Discourse on social media about employment concerns also is protected concerted activity, just as though you were having the discussions at work. You have the right to address work-related issues and share information about pay, benefits, and working conditions with coworkers on Facebook, YouTube, and other social media. Of course, you must be truthful and based on actual facts. You cannot permit your “concerns” to turn into unfounded mud-slinging against your employer.

A recent 2020 article in Forbes, “Collective Action on Social Media,” discusses the NLRA and provides examples of what constitutes protected concerted activity on social media. These examples include:

Protected under the NLRA: Not Protected by the NLRA:
  • A group of employees posting comments on Facebook about a coworker who criticized their performance.
  • An employee’s Facebook posting making fun of a workplace accident.
  • An employee “liking” another employee’s Facebook post that complained about an employer improperly filling out a tax form that resulted in an unexpected tax bill.


  • An employee’s off-hand complaint about bad tips made in front of coworkers, even though both the employee and the coworkers all refused to take on a particular job because of the belief that they wouldn’t receive any tips. However, the employee admitted his complaint was not intended to induce collective action.
    • Right before a union election, an employee who felt abused and disrespected by his manager made a Facebook post insulting his manager and encouraging others to vote yes in the upcoming union election. This post attacked not only the manager, but the manager’s mother and family and dropped a few f-bombs along the way.
  • An employee’s complaints about tipping made on Facebook that were directed toward a relative and not a fellow employee and were not made on behalf of fellow workers.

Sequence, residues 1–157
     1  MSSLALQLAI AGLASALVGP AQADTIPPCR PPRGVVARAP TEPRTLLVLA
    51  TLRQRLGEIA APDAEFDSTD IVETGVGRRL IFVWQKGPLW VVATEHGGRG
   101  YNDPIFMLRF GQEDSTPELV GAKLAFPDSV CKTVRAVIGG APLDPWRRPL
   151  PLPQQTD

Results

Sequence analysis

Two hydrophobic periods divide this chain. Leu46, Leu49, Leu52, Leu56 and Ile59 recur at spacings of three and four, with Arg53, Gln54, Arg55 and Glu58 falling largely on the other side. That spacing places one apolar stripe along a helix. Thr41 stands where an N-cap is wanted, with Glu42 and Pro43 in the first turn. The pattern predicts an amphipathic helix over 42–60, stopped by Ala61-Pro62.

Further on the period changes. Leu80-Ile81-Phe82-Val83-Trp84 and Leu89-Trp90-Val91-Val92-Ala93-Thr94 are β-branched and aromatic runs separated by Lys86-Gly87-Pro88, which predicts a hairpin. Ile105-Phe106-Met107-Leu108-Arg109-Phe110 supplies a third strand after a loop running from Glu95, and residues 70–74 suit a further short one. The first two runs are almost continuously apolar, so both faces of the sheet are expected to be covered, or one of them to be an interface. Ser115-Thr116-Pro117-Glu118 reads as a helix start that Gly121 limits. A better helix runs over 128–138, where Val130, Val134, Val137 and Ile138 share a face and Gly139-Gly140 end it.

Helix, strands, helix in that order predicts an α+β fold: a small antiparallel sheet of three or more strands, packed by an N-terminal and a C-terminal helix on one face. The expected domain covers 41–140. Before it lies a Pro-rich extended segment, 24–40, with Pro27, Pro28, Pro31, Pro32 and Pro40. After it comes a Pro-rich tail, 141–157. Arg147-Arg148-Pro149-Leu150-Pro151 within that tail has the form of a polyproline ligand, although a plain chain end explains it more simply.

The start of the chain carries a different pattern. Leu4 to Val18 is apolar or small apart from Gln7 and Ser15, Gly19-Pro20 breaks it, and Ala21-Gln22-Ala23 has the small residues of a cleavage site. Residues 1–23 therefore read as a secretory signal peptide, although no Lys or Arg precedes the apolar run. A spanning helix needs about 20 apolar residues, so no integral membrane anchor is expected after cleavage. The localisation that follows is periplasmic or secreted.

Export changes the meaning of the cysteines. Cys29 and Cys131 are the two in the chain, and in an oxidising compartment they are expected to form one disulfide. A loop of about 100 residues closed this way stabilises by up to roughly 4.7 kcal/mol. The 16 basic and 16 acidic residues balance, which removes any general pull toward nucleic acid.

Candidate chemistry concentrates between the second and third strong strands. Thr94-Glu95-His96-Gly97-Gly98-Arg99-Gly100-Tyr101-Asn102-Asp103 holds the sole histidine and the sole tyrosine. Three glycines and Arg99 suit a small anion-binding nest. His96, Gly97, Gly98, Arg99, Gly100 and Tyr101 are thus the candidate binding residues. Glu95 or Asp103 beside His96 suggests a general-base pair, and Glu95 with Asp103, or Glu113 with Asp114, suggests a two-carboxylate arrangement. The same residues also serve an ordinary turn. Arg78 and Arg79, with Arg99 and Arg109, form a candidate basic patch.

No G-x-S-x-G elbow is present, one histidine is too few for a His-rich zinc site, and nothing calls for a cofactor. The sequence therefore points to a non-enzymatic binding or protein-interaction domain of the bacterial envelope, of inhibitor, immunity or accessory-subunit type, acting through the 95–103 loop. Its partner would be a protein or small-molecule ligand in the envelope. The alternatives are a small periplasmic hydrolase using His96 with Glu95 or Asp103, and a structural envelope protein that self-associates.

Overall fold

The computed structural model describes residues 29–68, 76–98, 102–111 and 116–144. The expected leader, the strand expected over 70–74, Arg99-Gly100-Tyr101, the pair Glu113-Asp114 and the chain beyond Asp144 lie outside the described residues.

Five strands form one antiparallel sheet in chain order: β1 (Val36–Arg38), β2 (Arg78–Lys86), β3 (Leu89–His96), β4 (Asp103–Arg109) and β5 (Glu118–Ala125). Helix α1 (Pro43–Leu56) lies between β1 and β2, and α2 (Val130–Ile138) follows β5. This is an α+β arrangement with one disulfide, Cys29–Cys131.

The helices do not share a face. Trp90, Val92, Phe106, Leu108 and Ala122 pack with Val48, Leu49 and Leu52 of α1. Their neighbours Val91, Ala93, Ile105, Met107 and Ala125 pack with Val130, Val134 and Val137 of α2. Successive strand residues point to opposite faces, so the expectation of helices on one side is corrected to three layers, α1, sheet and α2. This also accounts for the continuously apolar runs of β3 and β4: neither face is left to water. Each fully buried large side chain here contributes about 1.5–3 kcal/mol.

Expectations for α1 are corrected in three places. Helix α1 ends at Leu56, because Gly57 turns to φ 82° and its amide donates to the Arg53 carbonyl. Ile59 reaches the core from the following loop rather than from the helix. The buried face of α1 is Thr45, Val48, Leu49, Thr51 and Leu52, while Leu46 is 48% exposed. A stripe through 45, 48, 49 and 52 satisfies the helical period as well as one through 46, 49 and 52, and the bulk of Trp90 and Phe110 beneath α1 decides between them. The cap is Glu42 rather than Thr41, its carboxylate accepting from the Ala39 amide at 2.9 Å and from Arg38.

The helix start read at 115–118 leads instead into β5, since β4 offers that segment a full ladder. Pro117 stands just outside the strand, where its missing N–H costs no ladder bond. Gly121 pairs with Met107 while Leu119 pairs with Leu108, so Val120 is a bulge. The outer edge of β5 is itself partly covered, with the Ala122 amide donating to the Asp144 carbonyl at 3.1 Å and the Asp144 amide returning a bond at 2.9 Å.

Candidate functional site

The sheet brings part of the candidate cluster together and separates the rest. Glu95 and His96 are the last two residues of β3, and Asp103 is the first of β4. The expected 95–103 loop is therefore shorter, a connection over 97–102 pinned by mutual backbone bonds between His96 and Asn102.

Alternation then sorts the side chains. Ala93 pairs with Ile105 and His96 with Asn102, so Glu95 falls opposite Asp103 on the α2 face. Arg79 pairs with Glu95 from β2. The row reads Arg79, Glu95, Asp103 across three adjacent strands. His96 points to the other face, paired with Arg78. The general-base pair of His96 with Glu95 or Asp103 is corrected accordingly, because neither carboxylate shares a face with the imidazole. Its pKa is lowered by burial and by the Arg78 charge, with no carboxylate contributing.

You might wonder how profanity is protected. Employees’ actions may not be protected if they are extreme, but the NLRB does not parse specific words but investigates all of the circumstances. The Board has allowed profane statements to be protected. The NLRB determines whether the employer’s action in response to the employees’ discussion has a chilling effect or is taken to interfere with the employees’ right to discuss working conditions. Does a supervisor merely looking at a public Facebook post about the company qualify as retaliation?  Probably not.  But if an employer spies on an employee, that could have a chilling effect.

Must Employees Be Members of a Union to Be Protected for Concerted Activity?

You are not required to join a union to come under the NLRA protection for concerted activity. This legal principle of concerted activity allows all employees to freely discuss matters of mutual concern among themselves without suffering repercussions by management simply because of the discussion.

Under state law, there is a concept known as “right to work,” which means that an employee has a right to work as an individual employee without being forced to join a union. That concept frequently is confused with “employment at will.”  As we discussed in a previous blog post, “Wrongful Termination or At-Will,” based on the doctrine of “employment at will” an employer can terminate you at any time for any reason, so long as the termination itself is not violating a law.

Get an Expert on Your Side

Contacting an experienced employment lawyer can help you make the best decisions at your workplace. Contact Gardner Employment Law today.